My next stop was at what I'd argue is the signature attraction in the park, a brand new design from Intamin. U-Shaped Roller Coaster (#1960) is a development of the moderately successful Intamin Impulse coasters seen around the turn of the millennium. The train is no longer inverted, but instead follows the current trend of putting seats on the outside of the track, as with the B&M Wing Riders and Intamin’s own Furius Baco. The train seats a total of thirty-two in two groups of sixteen, and with a nod to the Vekoma Invertigo rides, all rows apart from front and back have face-to-face seating. Better yet, the restraint is a simple lap bar that pulls down from an arm attached to the side of each car.
This first installation has an interesting oddity that is probably as much a function of China as of Intamin, namely that a wood decking has been built for the full horizontal length of the ride. Instead of a barrier at the edge of the loading platform, a simple piece of tape on the ground indicates an area that one probably isn’t supposed to enter. Furthermore, the LIM motors stick up from the rail right next to the train, and guests can easily step over (or on!) them in order to cross from one side of the platform to the other. If this design is ever deployed in another park I’d predict that some form of moving barrier will be put in place to stop that happening, though how easy that will be to do is anybody’s guess.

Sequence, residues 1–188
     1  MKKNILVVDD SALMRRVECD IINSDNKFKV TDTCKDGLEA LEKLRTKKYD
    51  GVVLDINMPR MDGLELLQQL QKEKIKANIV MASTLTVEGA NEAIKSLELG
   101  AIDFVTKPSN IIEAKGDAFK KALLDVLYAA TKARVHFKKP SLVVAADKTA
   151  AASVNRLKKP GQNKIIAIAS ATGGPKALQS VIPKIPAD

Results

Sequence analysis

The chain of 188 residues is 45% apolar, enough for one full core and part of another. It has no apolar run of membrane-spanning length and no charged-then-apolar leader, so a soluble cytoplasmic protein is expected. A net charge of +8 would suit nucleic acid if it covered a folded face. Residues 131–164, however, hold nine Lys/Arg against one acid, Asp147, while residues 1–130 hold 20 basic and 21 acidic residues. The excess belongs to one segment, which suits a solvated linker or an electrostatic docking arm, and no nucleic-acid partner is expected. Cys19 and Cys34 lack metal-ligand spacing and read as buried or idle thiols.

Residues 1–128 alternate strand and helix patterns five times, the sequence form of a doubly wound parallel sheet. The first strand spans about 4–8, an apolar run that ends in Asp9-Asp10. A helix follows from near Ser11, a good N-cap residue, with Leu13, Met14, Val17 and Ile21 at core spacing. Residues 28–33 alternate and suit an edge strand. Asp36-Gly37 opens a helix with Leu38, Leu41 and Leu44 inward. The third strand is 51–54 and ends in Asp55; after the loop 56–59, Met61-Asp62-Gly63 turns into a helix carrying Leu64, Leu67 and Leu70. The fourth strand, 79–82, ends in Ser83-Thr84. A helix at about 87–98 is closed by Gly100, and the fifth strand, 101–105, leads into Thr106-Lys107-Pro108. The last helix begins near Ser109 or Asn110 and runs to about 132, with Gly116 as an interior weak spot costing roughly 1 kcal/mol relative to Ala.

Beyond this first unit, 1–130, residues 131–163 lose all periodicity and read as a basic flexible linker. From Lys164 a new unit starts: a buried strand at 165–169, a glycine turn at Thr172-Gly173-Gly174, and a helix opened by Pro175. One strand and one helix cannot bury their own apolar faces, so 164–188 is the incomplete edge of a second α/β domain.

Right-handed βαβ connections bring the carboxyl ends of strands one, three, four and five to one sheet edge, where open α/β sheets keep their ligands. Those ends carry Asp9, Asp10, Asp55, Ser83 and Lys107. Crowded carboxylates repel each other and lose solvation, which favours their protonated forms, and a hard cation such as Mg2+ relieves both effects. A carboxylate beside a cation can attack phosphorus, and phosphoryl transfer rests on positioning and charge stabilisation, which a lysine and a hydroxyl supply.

The loading speed of this ride is even worse than on the Suspended Looping Coaster. Oncoming riders are kept in a cattle grid some thirty seconds walk from the ride platform until a full train load is ready and the station has been emptied. Once at the platform, all loose objects must be placed into cubby holes (which I support, but why not do this earlier in in the process?) before passengers are allowed to board the train.